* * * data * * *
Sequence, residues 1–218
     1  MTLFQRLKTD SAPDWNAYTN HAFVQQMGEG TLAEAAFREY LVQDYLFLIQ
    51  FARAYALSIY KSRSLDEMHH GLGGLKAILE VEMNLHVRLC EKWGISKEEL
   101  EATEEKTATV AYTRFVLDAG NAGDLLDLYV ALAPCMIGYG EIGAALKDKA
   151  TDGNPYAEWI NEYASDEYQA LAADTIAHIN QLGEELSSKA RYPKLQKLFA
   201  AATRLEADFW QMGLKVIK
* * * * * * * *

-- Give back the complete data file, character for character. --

Sequence, residues 1–218
     1  MTLFQRLKTD SAPDWNAYTN HAFVQQMGEG TLAEAAFREY LVQDYLFLIQ
    51  FARAYALSIY KSRSLDEMHH GLGGLKAILE VEMNLHVRLC EKWGISKEEL
   101  EATEEKTATV AYTRFVLDAG NAGDLLDLYV ALAPCMIGYG EIGAALKDKA
   151  TDGNPYAEWI NEYASDEYQA LAADTIAHIN QLGEELSSKA RYPKLQKLFA
   201  AATRLEADFW QMGLKVIK